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More observers are growing bullish on the euro this year despite its relative slump against the US dollar in 2022.
Currency analysts and experts are turning bullish on the euro as the continent tries to withstand a recession. With 2023 well underway, the markets head into uncertainty amid shifting economic data and fiscal policy. However, currency experts maintain that this trend could spell positive news for the euro.
According to Steve Englander, head of global G-10 FX research at Standard Chartered:
“The euro is trading within its late December range, but incoming data since the beginning of 2023 suggest to us that it should be stronger.”
Although the euro slumped against the US dollar in the second half of last year, it recovered in recent months. As it stands, the common currency is trading within a tight range of just over $1.07.
Last year, the euro’s weakness came mainly due to the US Federal Reserve’s aggressive monetary policy tightening. At the same time, the European Central Bank had run out of leeway to increase interest rates to curtail inflation. However, recent developments now suggest a policy reverse between both regions. For example, incoming data trends state there is a need for sustained hawkishness in Frankfurt with a potential easing off of rates in Washington. It is the perceived closing of the interest rate gap that several analysts highlight as a positive development for the euro. As Englander put it:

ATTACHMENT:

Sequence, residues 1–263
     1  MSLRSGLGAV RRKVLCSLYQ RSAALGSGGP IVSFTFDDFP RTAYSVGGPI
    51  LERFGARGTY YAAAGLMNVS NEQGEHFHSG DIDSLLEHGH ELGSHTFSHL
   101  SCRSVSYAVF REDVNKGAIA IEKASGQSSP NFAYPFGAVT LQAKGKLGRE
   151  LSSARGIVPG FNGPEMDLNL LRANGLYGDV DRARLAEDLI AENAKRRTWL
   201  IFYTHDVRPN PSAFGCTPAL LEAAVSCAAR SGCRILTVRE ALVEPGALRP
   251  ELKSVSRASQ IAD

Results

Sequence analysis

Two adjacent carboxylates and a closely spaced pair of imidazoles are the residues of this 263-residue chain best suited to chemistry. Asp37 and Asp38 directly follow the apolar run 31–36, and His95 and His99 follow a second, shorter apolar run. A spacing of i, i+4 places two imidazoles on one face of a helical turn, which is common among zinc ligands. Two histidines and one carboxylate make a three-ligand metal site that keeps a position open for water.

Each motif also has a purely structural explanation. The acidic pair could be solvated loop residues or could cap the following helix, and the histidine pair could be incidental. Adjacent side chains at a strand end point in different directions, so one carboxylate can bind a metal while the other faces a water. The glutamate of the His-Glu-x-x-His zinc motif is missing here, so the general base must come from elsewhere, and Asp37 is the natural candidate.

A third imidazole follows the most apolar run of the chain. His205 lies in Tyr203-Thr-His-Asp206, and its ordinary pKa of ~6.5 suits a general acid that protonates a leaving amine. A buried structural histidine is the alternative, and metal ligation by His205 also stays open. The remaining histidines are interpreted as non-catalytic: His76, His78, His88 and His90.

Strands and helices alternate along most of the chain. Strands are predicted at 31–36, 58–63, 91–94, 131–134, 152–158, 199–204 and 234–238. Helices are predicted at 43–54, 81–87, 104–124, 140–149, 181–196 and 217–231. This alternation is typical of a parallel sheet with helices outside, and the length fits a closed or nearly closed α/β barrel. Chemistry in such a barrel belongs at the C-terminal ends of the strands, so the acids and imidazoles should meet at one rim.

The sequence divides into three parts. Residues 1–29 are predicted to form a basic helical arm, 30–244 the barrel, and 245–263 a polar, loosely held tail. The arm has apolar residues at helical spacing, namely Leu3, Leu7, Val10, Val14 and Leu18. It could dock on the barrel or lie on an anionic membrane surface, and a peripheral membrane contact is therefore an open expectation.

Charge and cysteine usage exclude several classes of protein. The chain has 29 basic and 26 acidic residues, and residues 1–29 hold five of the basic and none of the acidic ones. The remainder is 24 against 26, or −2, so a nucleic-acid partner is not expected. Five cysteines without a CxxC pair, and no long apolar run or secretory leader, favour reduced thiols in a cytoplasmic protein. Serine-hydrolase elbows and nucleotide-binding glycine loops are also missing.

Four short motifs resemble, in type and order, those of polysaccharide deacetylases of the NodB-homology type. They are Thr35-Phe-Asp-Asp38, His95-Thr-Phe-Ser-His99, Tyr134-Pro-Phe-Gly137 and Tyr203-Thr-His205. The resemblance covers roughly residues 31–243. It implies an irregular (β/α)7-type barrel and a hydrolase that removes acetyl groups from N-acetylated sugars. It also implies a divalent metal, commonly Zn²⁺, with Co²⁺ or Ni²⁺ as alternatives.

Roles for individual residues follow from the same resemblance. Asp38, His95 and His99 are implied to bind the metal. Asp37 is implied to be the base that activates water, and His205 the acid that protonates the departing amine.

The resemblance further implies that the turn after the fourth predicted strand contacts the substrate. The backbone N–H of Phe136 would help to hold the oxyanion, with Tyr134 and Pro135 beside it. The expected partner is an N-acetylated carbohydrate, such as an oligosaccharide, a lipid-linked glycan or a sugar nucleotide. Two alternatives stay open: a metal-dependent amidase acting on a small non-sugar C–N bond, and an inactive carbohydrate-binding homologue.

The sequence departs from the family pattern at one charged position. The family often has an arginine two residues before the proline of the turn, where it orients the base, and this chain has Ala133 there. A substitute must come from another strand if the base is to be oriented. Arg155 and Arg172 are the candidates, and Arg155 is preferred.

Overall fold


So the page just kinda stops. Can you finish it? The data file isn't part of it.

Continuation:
“Both euro area core inflation and economic surprises have continued to strengthen, making it easier for the European Central Bank to maintain a hawkish tone. Energy concerns that loomed large as a EUR-negative in mid-2022 are beginning to ebb.”
Lessening of Economic Threat from Excessive Eurozone Energy Prices also Fuels Euro Bullish Sentiments
Also feeding into the recent euro bullish sentiments is the reduction of the economic threat from the eurozone’s excessively high energy prices. This trend has also been helped by the fact that much of northern Europe experienced mild undemanding winters.
According to recent Eurostat preliminary figures, the annual headline inflation in the eurozone dropped to 9.2% from 10.1% last November. However, core inflation, excluding volatile energy, food, alcohol, and tobacco prices, surged beyond general anticipation. This figure eventually attained a new all-time high of 5.2%.
Despite the hawkish stance taken by the US Fed and ECB, Englander noted that US data surprises have been weaker in Europe. This development has subsequently resulted in less upward pressure on interest rates.
Meanwhile, Fed Chair Jerome Powell repeatedly emphasizes the role of wages in reducing core services inflation. Furthermore, Powell points to wage growth as a risk factor in the US apex bank’s quest to reduce it. Should the Fed eventually bring down core services inflation, it would have wiggle room to slash its aggressive rate hiking cycle substantially. In addition, the central bank might even be in a prime position to embark on a reversal later in the year.
FX Research head George Saravelos also pointed to the Chinese economy factor as an added impetus for the euro. According to him, China’s reopening could boost the euro since it is a pro-cyclical currency.